In lieu of an abstract, here is a brief excerpt of the content:

Biography 26.4 (2003) 745-748

[Access article in PDF]
Linda Belau and Petar Ramadanovic, eds. Topologies of Trauma: Essays on the Limit of Knowledge and Memory. New York: Other Press, 2002. 284 pp. ISBN 1-892746-97-2, $50.00.

The current backlash against trauma studies is, perhaps, understandable. The trauma craze that took hold of literary and cultural critics in the mid 1990s has sometimes led to aggrandizing appropriations of tragic history as a source of moral capital. Though my own work in the area does not completely immunize me against skepticism vis-à-vis the so-called "trauma industry," I was pleasantly surprised by this excellent new collection. The challenge of the volume is succinctly posed by David Farrell Krell in the opening essay, which reflects on knowing versus narrating the past in light of F. W. J. Schelling's Die Weltalter. Krell writes that "the question is not whether trauma studies has anything to learn from philosophy but whether philosophy is capable of thinking its traumas." The essays comprising Topologies respond to this challenge by probing the limits of philosophy, psychoanalysis, and literature.

From the standpoint of writing and teaching in the field, I found Thomas Elsaesser's and Ellie Ragland's contributions particularly useful and have already cited them in my own work. Elsaesser's "One Train May Be Hiding Another: History, Memory, Identity, and the Visual Image" performs an incisive reading of the post-historical deployment of famous traumatically charged photographs. Elsaesser's discussion ultimately centers on a photograph of a Sinti girl being deported to Bergen Belsen who is nevertheless misrepresented as the quintessential Jewish victim on her way to Auschwitz. His analysis offers an illuminating case study for the way in which historical [End Page 745] images function as traumatic icons that enable identification but displace actual contexts and referents. Ragland's "The Psychical Nature of Trauma: Freud's Dora, the Young Homosexual Woman, and the Fort! Da! Paradigm" will be invaluable for students of psychoanalysis because it does not "speak Lacan" from on high as it were, but instead takes the vital step of lucidly explaining how Freudian and Lacanian terminology might help us to understand the social and ontological ruptures affected by traumatic events, and the role of effective listening in testimonial contexts.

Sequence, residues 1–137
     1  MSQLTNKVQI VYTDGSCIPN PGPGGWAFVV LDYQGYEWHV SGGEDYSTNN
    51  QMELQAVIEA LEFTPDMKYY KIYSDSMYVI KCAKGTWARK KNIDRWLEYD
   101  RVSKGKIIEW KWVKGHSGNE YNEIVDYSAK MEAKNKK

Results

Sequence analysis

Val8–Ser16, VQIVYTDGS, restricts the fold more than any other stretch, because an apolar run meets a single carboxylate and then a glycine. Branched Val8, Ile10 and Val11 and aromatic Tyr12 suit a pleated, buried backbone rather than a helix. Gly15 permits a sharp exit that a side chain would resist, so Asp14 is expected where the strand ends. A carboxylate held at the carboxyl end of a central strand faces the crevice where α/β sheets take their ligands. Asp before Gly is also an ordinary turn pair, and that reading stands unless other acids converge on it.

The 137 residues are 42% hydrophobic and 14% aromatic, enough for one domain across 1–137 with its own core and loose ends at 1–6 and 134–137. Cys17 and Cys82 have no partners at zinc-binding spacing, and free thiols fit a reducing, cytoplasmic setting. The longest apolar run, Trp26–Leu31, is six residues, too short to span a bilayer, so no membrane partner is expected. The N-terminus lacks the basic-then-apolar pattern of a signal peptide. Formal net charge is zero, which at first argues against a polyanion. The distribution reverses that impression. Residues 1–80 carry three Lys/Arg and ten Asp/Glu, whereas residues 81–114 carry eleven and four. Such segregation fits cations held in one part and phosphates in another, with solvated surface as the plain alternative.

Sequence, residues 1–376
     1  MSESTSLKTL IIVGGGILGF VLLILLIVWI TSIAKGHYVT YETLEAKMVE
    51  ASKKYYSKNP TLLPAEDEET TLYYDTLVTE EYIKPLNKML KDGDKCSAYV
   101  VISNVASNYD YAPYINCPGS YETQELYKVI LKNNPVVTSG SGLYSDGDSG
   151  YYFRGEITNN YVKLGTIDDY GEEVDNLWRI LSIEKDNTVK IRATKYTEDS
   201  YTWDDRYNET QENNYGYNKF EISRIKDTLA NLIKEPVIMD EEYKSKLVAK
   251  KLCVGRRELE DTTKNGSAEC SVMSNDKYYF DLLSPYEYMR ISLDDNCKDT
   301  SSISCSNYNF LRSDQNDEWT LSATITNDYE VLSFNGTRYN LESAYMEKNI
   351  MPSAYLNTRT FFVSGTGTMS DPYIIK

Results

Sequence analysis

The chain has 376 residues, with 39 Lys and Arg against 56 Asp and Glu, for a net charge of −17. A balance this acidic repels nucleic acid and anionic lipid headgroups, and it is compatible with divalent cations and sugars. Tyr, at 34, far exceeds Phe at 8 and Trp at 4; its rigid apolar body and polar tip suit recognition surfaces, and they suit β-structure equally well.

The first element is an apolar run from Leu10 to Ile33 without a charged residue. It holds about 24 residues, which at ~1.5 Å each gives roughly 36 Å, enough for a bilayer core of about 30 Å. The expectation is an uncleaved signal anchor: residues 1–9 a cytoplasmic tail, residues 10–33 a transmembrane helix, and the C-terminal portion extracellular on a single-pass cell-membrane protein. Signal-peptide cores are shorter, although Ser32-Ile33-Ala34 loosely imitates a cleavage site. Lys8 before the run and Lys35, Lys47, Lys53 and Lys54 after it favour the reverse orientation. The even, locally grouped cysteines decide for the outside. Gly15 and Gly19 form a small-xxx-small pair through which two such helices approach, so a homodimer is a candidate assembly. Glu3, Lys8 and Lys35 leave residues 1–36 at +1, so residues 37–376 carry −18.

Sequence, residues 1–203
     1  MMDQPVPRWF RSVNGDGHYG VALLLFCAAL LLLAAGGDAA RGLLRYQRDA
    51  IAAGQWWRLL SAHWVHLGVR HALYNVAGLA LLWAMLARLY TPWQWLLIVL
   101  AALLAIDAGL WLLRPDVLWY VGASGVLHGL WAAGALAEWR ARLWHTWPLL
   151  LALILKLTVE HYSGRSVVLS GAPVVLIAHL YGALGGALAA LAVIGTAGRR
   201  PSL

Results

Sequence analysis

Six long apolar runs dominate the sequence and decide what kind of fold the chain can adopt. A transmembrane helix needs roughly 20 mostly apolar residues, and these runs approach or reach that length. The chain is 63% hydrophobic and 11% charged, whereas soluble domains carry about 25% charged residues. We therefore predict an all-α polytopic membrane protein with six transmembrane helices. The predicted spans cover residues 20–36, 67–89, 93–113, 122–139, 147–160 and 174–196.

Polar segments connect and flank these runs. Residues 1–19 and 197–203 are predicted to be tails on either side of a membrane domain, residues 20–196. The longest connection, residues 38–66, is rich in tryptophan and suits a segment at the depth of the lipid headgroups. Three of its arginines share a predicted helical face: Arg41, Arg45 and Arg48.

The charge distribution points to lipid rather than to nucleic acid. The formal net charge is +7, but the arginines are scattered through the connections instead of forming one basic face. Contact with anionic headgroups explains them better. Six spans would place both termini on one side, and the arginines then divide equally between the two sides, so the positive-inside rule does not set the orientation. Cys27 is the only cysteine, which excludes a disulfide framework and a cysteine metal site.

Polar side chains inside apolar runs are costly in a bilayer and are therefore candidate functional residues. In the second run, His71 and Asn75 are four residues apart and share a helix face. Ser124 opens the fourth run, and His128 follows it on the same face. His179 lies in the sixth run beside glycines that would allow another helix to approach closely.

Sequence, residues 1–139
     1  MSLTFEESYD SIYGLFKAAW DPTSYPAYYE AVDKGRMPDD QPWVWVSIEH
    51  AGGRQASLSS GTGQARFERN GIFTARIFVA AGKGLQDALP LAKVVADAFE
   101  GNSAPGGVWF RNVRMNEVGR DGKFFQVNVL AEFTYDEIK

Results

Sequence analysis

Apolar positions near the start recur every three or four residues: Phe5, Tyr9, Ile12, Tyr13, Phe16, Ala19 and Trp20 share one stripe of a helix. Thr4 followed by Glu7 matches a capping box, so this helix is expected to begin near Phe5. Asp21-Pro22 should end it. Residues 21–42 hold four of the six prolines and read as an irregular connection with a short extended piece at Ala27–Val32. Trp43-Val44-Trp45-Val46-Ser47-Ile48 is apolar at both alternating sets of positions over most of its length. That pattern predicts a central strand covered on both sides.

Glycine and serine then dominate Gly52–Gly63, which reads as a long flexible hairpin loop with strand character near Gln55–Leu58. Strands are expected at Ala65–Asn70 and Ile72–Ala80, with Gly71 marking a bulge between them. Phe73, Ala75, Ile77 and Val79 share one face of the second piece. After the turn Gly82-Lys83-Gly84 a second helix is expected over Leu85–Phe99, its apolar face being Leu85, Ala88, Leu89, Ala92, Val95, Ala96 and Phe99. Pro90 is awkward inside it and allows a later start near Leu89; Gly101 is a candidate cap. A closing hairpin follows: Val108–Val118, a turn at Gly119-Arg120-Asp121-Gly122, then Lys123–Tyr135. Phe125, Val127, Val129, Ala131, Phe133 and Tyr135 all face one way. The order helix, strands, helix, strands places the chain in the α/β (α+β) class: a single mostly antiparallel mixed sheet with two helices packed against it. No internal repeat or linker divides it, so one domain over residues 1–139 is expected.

Cathy Caruth's interview with Jean Laplanche is also important for revisiting and clarifying the analyst's core insights, developed from years of refined close readings between Freud's topography of the perceptual-conscious and unconscious systems and his various revisions of the libidinal economy. Caruth's engagement with Laplanche highlights the epistemological and temporal dynamics of trauma implied by Freud's theories of the drives. The interview with Laplanche serves as an effective bridge for Charles Shepherdson's elegant exploration of temporal topoi between philosophy, literature, and psychoanalysis. Shepherdson's "The Catastrophe of Narcissism: Telling Tales of Love" draws on Maurice Blanchot, Julia Kristeva, and Plotinus among others to conceptualize the relation between the "time of narcissism‚" and the "time of disaster‚" in order then to reconsider the distinction between repeating and remembering. For Shepherdson, "the time of narcissism is the time of disaster, the time of an event whose traumatic character repeats itself at every moment, beyond the recovery of historical memory." Shepherdson therefore treats the relation between repeating and remembering as a historical problem for philosophy that reflects back upon the place of psychoanalysis as an intervention into the thinking of time and discourse.

The problematic of repetition versus remembering is a core preoccupation among trauma theorists, including Ragland, Caruth, Linda Belau, and Herman Rapaport, who are concerned with the belatedness of memory and the potential for working through the epistemological impasses affected by wounding events. Belau's "Trauma, Repetition, and the Hermeneutics of Psychoanalysis" provides a careful map of the shifts in the psychoanalytic theory of interpretation evinced in Freud's rejection of the seduction hypothesis, his conceptualization of fantasy, and his delineation of the drives between "Instincts and their Vicissitudes" and Beyond the Pleasure Principle. Rapaport also takes up the belatedness of traumatic affect in "Representation...


Additional Information

Print ISSN
pp. 745-748
Launched on MUSE
Open Access
Back To Top

This website uses cookies to ensure you get the best experience on our website. Without cookies your experience may not be seamless.